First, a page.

Is Gaza a simmering cauldron or is it a model of coexistence?
Jewish Telegraphic Agency
he reality of the Gaza Strip, it appears, is
in the eye of the beholder.
Some officers of the Israel Defense
Forces (IDF) and the Palestinian
Authority security organizations think it's a simmer-
ing cauldron bound, sooner or later, to boil over.
Others call it a model of how Israelis and
Palestinians can live adjacent but separate lives.
While it's the center of a burgeoning cottage indus-
try of arms building and smuggling, Gaza has pro-
duced no suicide bombers, Israeli security sources say
— primarily because a fence around the area prevents
bombers from crossing into Israel.
For its part, the Palestinian
Authority is searching wildly for
ways to include rejectionist groups
such as Hamas and Islamic Jihad
— which are strongest in the Gaza
Strip — without having to confront
them in armed clashes.
In the meantime, Israel bites its
nails while it waits for the end of
the three-month hudna, or cease-
fire, that the main Palestinian ter-
rorist groups have declared. The
cease-fire is due to expire in late
September — at which time, as one
IDF officer put it, "the real show
Some of the tunnels — whose "engineers" earn a
handsome profit from material smuggled under the
border — are believed to lie as much as 80 yards
"Unfortunately, their digging of tunnels is much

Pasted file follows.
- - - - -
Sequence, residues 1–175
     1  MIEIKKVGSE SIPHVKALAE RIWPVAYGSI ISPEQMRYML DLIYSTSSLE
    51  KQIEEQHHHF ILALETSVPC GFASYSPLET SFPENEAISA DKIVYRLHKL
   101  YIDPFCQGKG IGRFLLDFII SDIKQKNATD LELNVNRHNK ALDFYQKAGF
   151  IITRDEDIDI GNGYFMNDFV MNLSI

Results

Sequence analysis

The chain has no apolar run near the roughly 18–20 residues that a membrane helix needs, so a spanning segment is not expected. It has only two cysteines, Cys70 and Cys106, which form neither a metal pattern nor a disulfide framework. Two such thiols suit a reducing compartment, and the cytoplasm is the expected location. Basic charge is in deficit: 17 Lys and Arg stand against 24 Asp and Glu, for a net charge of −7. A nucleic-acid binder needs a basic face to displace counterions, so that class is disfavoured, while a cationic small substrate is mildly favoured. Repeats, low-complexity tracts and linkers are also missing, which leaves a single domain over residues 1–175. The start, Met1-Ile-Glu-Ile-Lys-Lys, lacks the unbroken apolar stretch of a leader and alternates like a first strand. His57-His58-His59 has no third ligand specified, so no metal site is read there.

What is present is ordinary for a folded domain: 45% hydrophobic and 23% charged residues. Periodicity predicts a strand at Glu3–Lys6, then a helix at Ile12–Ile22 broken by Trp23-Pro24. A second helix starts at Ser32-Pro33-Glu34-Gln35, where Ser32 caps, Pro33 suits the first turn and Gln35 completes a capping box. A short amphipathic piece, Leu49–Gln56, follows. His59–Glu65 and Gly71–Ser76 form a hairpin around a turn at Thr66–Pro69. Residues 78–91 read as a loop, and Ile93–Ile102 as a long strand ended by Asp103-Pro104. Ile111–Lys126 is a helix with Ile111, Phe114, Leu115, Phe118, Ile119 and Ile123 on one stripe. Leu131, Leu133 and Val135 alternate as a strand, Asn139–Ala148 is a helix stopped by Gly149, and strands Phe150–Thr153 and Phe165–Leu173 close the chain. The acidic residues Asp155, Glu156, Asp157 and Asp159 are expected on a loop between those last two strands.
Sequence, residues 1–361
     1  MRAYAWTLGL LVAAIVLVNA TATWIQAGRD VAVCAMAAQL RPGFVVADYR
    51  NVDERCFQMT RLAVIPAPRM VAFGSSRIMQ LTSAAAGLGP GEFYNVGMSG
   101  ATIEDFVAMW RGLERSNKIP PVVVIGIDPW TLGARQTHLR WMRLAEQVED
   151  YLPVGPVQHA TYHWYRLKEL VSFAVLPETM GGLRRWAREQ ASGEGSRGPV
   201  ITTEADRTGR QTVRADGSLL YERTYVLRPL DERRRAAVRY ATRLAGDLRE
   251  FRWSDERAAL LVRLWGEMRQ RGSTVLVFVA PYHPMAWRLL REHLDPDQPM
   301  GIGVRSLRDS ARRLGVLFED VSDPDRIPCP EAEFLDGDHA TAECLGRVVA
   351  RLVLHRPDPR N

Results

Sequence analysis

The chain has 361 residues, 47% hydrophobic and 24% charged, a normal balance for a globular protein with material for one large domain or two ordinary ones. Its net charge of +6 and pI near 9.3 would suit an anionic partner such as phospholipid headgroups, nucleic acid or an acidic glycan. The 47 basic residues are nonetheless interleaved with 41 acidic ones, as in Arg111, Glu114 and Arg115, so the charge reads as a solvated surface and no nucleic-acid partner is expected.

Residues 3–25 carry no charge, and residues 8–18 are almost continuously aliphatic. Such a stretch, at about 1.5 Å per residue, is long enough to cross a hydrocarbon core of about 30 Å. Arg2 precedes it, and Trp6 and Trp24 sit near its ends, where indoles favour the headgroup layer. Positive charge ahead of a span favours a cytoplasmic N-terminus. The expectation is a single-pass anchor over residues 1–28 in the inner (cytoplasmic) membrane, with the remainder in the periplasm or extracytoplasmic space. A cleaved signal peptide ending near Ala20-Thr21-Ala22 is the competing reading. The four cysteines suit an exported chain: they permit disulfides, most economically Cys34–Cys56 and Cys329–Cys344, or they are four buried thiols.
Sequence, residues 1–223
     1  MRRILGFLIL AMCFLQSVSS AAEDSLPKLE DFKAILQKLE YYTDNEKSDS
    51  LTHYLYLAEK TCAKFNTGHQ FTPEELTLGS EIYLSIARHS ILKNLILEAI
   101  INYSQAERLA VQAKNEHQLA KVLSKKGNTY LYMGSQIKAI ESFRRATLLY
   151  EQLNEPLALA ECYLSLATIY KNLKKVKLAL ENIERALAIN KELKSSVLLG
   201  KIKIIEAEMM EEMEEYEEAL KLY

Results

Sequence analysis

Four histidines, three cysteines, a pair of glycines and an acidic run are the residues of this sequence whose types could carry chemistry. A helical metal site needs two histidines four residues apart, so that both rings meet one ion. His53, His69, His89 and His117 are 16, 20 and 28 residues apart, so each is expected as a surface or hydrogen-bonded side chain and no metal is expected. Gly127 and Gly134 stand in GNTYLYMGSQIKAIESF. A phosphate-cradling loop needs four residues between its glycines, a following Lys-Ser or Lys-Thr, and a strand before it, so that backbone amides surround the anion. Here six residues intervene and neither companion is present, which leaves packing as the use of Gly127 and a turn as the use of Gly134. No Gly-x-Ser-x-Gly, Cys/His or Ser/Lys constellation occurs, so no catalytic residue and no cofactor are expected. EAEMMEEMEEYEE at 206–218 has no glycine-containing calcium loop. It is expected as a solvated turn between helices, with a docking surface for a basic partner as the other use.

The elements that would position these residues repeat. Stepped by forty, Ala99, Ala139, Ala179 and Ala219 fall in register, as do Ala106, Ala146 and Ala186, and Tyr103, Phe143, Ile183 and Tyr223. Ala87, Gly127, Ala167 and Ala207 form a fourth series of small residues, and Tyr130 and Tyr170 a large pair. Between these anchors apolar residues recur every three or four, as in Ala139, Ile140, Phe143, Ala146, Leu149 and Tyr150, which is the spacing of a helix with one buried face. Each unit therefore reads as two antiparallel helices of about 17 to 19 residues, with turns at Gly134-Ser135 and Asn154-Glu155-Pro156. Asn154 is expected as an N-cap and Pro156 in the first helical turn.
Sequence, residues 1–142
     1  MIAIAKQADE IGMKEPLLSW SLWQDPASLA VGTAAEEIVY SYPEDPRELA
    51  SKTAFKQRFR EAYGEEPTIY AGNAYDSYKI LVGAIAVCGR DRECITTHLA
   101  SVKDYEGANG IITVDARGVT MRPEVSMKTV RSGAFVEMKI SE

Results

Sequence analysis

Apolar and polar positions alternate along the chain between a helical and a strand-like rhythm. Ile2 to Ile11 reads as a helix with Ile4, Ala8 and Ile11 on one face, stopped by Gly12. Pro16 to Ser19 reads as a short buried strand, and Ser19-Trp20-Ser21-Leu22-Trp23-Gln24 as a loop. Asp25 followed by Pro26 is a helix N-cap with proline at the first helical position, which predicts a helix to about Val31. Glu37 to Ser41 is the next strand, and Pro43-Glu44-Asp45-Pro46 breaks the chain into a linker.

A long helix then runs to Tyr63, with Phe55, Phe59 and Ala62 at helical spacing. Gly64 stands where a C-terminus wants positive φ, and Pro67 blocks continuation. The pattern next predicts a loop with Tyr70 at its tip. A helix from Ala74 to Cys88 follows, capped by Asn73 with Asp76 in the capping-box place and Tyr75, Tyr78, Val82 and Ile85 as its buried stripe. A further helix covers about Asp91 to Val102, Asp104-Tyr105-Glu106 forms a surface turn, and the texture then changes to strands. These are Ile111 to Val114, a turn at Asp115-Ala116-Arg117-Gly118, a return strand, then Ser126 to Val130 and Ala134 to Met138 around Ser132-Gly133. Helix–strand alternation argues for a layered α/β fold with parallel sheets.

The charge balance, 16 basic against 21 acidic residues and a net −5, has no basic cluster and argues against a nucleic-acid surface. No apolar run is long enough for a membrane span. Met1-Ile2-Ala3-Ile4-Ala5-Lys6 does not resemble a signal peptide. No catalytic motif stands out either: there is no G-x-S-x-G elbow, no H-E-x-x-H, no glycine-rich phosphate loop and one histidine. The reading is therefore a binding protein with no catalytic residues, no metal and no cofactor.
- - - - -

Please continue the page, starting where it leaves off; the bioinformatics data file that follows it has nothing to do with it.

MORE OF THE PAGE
faster than our ability to stop it," the senior officer
Israel demands that the Palestinian Authority dis-
arm the terrorist groups, destroy the Kassam lathes
and arrest militants, as called for under the road- map
peace plan. For years, it has said that the P.A. security
forces are strong enough to do the job.
That perception increasingly is being challenged.
Asked whether the balance of weapons in the Gaza
Strip tilts towards the rejectionist groups or the
Palestinian Authority, an IDF brigade commander
In private, however, IDF officials quote figures clos-
er to those given by Palestinian security chiefs — per-
haps 12,000 men under arms. Many of them are not
nearly as motivated as their counterparts in Hamas,
Islamic Jihad and the Al Aksa Martyrs Brigades.
Pressed by reporters, the IDF brigade level com-
mander — who works closely with his Palestinian
counterparts in the field — admitted that, in an all-
out battle, the Palestinian Authority might lose to the
"The P.A. is aware of this," he said, "and so the
challenge for the Palestinians is to disarm the militant
groups peacefully. The P.A. believes that it can only
resolve" the issue "by including Hamas in govern-
PA.'s Big Challenge
The P.A.'s National Security Service, or NSS, the
apparatus tasked with disarming Hamas and Islamic
Jihad, is aware of the challenge.
"It's impossible to disarm Hamas," said Brig. Gen.
Sa'eb Ajez of the NSS. "We can understand that they
don't want a solution" to the conflict with Israel, "but
our chronic weakness is the question of how to dis-
arm or arrest them, especially in the past two years."
Yet Ajez notes what he calls some positive develop-
ments: The deal that P.A. Prime Minister Mahmoud
Abbas negotiated with Hamas and Jihad stipulated
that the Palestinian Authority would not actively hunt
militants, but would work to prevent attacks.